• Paths are 10-15cm wide.
    • To create paths, they must follow scented musk trails which they and generations of badgers before them have created.
    • Will stay in the same area and sett for years unless disturbed.
  • Otter mud slides
    • A site along a riverbank used by otters to enter the water may be worn smooth to a form a ‘slide’
    • Sometimes pitted with blurred prints where otters have given it a push for momentum
    • Riverbank slides may be around 8” wide, and much wider with heavy use.
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Feathers, fur and hair

  • Fur and hair can be found in areas where animal have had to squeeze through or go under something, this is usually barbed wire or wood.
  • Fur found on the ground may be a sign of a fight or the remainder of an animal’s meal.
  • Feathers are easy to find, even in towns as birds moult once per year. Feathers may also be left behind after an animal has eaten a bird.
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Reptile Sheds

·   Can tell by the size of the shed for species.

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  • Important not to disturb nesting bird or mammals – it is an offence under the Wildlife and Countryside Act 1981 and even a license is needed for photography.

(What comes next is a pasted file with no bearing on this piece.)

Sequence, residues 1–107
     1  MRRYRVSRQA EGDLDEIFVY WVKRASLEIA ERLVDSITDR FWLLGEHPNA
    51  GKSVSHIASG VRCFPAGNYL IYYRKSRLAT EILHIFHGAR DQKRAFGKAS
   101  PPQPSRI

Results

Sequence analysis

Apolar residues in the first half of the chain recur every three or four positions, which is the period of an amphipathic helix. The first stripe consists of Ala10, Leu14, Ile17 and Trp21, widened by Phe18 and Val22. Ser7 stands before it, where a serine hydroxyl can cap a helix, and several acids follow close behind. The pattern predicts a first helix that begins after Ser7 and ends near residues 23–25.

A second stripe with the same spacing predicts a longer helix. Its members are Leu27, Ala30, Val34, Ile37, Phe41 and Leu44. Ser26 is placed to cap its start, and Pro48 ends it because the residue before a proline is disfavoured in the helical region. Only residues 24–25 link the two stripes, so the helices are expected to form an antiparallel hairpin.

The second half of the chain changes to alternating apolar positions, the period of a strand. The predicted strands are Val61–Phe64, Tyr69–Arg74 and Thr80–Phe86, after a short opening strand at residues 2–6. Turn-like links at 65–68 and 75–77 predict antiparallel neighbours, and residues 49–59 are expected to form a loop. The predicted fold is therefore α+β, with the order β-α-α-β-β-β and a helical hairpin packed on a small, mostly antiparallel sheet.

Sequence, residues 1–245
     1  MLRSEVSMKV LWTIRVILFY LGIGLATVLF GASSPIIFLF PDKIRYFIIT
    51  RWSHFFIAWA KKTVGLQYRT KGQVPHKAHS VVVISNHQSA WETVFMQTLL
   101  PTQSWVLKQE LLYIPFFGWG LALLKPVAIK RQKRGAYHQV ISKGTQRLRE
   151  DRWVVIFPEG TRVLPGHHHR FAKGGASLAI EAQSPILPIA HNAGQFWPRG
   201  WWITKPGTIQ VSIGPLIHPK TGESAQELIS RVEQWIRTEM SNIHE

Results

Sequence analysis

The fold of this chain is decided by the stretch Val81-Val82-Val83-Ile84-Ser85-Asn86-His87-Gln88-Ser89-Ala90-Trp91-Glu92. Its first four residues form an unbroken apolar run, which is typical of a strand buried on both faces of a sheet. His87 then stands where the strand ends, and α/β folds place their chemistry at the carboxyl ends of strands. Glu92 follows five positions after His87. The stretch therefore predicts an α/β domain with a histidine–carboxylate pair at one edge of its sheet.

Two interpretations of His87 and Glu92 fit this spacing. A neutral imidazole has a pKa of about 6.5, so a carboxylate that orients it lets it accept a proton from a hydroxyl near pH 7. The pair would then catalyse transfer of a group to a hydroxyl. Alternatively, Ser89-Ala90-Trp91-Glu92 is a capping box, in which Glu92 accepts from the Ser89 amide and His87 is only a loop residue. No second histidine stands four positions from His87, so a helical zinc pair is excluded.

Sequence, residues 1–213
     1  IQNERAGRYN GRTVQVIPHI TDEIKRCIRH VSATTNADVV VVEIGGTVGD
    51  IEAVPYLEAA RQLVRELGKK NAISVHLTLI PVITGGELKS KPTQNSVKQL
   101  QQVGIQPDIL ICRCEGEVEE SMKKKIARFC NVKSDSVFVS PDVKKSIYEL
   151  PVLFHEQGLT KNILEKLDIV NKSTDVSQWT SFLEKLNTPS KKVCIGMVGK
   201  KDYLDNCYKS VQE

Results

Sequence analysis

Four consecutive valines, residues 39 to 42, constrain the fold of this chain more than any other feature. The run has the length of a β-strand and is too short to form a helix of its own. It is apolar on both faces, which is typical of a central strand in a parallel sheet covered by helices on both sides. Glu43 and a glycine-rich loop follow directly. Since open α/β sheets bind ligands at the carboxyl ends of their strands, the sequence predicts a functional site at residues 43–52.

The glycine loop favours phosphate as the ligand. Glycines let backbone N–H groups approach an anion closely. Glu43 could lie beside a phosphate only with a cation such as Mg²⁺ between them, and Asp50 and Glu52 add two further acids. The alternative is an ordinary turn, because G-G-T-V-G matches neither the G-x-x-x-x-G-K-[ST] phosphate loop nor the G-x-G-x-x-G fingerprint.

• Skylarks are ground-nesting birds that breed from April not early August.
    • Ideal vegetation height is 20-50 centimetres.
  • Hazel dormouse
    • Nest: grapefruit size
    • Found in dense cover, bushes, climbing plants. Also frequently in hollow trees.
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Hair Tubes

  • Used to survey dormice.
  • Lengths of plastic 3cm piping are attached to branches 1 to 2m above the ground.
  • Baited with peanut butter.
  • Double sided sticky tape is stuck to the roof of the tube.
  • Traps are left for 1 to 2 weeks then the tape is examined for hairs.
  • May be difficult to distinguish between hairs if you are unexperienced.
  • Animals may get a little bit stuck to pull hairs out.
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Owl Pellets

  • Consists of things like bones of birds, mammals and fish, teeth, claws and beaks, insect head parts and wing cases.
  • Usually, enclosed by softer material such as fur.
  • Have virtually no smell
  • Pellets are not dropping but are regurgitated by owls as a way of getting rid of the indigestible parts of their food.
  • Normally produce 2 pellets each 24-hour period
  • We can dissect owl pellets to see what the owl has been feeding on.
  • In the 1990s the British Mammal Society carried out a survey on owl pellets.
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Antler Sheds

  • Deer shed their antlers annually.
  • The newly formed antlers are covered in a layer of skin called ‘velvet’ which the deer gets rid of by rubbing or fraying the antlers against thing, springy trees, or bushes.
  • This leaves distinctive damage to the tree bark and side branches may also be broken.